Henry Willis, IV dead at 91

July 22, 2018
Henry Willis, IV

Henry Willis, IV, the last living family member of the Henry Willis & Sons organbuilding dynasty, died at a hospital near his home in India on June 23, at the age of 91. Willis was born January 19, 1927, to Henry Willis, III and Clara Constance (Sinclair) Willis at Streatham Hill, London. Educated at Gladstone Preparatory School, London, Westminster School, London, and Giggleswick School, North Yorkshire, he left school in 1944 to join the Royal Army during World War II. He was promoted to Lance Corporal in 1945 and commissioned to the Queen’s Royal Regiment in 1946, where he was placed in charge of a Japanese prisoner of war camp and the repatriation of British prisoners.

Willis joined the family organbuilding firm in 1948 as a laborer (at the insistence of his father) and then trained as a pipemaker and voicer under George Deeks. He was sent to manage the Liverpool Branch in 1954, principally to oversee the restoration of the great 1855 Willis concert organ in St. George’s Hall, which had been severely damaged by wartime bombing, theft, and general mishandling. He returned to London to manage the Head Office in 1965 due to his father’s worsening health. Following Henry Willis, III’s death on February 27, 1966, he began the search for property to construct a purpose-built organ factory in Petersfield, where he opened a shop in 1968 on land that had been the site of old dairy buildings.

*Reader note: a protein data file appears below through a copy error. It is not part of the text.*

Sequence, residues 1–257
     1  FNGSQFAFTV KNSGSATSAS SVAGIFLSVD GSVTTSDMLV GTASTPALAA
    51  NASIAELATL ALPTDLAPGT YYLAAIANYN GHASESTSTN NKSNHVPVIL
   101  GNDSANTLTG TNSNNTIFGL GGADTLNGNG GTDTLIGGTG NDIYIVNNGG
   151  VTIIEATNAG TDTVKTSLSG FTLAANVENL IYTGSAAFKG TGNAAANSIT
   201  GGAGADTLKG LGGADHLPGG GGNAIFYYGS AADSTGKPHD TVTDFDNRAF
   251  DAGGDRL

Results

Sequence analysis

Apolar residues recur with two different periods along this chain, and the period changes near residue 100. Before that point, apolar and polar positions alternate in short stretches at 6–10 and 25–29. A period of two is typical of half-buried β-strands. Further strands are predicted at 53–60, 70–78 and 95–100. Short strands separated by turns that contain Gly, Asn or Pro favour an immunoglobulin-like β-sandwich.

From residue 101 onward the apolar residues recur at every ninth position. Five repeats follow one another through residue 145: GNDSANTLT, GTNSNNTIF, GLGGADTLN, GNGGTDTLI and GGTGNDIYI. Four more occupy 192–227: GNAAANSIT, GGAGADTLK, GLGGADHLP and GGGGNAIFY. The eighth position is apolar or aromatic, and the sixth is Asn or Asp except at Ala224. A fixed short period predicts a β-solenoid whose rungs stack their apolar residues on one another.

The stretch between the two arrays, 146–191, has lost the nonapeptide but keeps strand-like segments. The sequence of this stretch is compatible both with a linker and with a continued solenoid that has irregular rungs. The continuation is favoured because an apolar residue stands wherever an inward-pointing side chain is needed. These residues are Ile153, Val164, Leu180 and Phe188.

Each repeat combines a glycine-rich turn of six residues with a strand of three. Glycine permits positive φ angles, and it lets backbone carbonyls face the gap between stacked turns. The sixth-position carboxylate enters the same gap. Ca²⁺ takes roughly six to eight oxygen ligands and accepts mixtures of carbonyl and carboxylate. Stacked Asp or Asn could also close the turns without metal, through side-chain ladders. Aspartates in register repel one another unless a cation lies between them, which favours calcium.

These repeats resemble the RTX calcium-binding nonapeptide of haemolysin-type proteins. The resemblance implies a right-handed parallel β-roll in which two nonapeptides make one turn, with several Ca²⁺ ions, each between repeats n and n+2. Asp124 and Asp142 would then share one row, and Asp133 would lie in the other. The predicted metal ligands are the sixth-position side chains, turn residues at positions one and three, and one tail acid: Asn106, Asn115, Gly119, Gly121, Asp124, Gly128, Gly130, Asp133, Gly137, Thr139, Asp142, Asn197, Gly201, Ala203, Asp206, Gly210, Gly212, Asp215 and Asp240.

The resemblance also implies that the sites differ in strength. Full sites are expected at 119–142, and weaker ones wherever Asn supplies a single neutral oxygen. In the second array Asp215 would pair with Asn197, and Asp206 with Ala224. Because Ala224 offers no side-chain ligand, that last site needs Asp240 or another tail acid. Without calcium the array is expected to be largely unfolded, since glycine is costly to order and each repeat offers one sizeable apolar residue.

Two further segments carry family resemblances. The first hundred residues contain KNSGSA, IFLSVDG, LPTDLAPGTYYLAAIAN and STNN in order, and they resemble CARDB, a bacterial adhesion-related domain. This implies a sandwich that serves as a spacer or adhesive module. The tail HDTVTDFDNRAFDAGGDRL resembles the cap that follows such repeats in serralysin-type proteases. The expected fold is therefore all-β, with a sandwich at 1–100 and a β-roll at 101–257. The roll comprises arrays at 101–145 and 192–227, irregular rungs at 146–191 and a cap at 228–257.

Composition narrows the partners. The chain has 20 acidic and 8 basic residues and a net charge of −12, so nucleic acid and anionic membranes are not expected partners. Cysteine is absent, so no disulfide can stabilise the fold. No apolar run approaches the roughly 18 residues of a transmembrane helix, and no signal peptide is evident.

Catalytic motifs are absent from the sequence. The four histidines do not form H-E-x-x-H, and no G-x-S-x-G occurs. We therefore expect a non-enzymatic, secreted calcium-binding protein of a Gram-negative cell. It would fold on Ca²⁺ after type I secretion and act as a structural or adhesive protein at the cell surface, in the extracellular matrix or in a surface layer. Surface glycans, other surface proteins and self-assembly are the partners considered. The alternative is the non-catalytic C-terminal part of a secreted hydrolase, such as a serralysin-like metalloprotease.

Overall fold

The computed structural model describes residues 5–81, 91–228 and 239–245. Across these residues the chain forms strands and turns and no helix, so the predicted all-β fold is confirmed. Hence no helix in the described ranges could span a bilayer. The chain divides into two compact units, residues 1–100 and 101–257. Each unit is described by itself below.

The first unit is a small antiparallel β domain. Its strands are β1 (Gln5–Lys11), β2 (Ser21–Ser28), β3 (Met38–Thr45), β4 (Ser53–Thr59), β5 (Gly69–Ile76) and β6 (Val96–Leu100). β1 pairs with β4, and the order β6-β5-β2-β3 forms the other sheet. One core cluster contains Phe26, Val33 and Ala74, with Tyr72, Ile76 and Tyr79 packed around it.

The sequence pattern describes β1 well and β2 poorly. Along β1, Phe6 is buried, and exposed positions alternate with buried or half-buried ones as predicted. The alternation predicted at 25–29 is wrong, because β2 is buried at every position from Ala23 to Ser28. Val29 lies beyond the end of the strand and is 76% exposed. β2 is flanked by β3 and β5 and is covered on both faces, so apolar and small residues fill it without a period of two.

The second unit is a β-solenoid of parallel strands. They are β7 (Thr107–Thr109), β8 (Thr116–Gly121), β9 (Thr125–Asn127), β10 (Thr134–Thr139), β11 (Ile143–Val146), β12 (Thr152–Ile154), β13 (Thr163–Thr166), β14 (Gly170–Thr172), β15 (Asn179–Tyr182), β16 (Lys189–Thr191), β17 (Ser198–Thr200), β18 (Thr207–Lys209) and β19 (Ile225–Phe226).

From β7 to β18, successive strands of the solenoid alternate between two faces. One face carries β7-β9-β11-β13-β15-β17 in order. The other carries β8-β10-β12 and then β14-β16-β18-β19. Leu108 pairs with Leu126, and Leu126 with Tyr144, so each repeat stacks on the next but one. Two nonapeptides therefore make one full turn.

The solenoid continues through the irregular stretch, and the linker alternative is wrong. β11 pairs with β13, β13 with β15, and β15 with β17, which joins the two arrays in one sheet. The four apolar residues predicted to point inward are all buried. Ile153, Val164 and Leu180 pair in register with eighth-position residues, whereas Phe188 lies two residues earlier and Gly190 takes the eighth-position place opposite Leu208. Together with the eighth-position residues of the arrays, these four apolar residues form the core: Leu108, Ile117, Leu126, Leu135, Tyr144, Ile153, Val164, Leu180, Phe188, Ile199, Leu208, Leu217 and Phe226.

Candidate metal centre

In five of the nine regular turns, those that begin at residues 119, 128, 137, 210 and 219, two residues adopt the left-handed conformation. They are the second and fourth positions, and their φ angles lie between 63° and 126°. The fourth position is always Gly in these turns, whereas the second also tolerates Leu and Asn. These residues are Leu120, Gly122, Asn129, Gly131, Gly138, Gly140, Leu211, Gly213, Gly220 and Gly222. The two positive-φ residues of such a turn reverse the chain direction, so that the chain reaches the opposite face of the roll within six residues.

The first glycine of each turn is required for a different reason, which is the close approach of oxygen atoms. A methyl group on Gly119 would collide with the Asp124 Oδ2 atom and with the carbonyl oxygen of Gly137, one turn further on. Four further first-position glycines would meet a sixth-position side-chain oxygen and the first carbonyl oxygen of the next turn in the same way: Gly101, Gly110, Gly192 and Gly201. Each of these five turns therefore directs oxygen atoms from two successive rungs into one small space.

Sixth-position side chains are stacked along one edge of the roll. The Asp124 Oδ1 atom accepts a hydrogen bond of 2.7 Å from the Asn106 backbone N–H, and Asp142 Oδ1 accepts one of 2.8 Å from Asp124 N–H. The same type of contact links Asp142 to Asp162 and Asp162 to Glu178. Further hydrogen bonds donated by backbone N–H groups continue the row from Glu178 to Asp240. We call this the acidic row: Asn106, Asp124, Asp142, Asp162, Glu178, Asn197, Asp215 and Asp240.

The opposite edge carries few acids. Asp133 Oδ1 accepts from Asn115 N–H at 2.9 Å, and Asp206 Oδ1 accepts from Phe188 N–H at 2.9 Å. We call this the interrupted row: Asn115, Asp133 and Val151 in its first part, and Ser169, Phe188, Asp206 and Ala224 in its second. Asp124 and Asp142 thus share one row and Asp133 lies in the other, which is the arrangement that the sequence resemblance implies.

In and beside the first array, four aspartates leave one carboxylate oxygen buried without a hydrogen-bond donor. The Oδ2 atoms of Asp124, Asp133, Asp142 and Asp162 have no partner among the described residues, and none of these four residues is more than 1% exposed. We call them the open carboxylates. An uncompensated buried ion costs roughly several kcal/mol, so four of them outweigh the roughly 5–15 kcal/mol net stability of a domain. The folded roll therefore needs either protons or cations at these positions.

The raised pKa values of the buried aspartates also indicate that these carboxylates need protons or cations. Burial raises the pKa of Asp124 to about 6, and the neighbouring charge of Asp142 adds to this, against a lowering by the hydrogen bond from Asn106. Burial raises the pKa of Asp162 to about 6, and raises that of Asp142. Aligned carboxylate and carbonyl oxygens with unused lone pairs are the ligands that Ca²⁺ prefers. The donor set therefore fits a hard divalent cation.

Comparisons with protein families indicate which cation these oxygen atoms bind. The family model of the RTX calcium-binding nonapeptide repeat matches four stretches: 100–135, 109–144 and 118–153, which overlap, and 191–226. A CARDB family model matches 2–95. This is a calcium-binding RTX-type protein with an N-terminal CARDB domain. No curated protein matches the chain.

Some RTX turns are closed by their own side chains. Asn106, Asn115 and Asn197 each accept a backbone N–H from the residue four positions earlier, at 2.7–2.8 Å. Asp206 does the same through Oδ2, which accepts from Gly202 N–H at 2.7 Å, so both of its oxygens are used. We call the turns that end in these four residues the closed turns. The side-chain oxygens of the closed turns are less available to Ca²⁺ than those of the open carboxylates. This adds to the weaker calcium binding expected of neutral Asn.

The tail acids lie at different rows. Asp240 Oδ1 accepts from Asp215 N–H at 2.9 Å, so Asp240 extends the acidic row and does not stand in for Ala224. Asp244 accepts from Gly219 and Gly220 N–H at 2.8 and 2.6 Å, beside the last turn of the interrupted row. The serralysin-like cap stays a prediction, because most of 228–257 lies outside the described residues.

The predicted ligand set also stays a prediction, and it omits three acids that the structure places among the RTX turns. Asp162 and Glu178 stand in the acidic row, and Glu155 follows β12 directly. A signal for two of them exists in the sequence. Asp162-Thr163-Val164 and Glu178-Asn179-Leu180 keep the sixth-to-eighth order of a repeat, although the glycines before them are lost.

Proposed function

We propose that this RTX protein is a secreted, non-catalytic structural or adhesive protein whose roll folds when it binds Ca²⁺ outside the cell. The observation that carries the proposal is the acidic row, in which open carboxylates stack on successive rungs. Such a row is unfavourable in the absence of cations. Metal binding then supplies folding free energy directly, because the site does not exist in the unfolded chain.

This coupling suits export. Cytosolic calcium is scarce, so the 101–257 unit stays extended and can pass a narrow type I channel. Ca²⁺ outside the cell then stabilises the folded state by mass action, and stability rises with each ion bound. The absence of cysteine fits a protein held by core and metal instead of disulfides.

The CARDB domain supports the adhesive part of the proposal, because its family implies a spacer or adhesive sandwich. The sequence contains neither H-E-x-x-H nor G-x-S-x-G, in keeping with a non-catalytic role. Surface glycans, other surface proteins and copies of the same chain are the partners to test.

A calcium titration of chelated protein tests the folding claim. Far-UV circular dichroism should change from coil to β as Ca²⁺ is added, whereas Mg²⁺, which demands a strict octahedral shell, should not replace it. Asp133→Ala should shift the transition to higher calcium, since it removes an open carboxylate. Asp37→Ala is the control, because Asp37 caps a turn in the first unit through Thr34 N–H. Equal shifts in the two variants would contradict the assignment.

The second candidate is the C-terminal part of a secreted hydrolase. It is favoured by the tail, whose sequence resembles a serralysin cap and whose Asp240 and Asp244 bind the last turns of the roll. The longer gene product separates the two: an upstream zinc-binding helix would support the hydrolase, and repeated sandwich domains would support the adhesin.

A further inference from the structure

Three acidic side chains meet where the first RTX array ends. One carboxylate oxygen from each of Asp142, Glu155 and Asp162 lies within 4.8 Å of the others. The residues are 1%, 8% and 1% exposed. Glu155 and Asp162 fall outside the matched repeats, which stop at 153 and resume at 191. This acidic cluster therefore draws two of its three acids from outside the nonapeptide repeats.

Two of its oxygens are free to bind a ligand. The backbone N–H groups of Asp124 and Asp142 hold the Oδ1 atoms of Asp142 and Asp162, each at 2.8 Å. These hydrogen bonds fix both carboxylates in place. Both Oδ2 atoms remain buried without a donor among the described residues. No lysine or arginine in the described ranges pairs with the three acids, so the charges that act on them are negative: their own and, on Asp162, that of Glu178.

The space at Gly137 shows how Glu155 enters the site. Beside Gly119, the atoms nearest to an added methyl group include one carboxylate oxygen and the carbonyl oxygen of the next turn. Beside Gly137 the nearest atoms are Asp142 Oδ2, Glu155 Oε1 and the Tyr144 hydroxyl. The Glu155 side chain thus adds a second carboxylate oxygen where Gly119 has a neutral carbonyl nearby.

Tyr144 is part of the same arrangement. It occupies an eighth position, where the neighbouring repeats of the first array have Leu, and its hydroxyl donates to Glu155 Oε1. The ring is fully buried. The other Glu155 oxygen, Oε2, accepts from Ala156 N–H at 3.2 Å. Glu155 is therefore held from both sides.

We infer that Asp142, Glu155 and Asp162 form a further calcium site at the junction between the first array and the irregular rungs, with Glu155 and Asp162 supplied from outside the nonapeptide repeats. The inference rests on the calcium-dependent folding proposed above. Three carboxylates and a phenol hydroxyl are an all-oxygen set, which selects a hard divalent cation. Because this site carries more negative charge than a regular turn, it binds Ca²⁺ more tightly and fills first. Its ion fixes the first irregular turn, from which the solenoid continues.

Willis was invited to attend, and became one of the founding members of, the American Institute of Organbuilders at its first annual convention in 1974, thereby beginning a relationship with his American organbuilding colleagues. A frequent attendee and lecturer at subsequent conventions, his last appearance was in Washington, D.C., in 1993, where he lectured on and demonstrated organ pipemaking and voicing. His acerbic wit and entertaining style covered quite a bit of useful information to those who “listened between the lines” during those lectures and demonstrations. His wife, Barbara, was a charming lady who did her best to keep Willis as well-behaved as possible, especially during times set aside for evening socializing!

In 1997 Willis stood down as Managing Director of Henry Willis and Sons. New management and new ownership relocated the firm to the Liverpool Branch in 2001 where the firm now survives him. He was a Freeman of the City of London and served as Master of The Worshipful Company of Musicians, of which he was the longest holder of the Livery.

Henry and Barbara Willis moved to India in 2008 where his mother’s family had been coffee planters in the 19th and 20th centuries. They purchased land and built a house there, in which he and Barbara have lived up to the present. He died peacefully at home in the Nilgris District of Tamil Nadu.

—John-Paul Buzard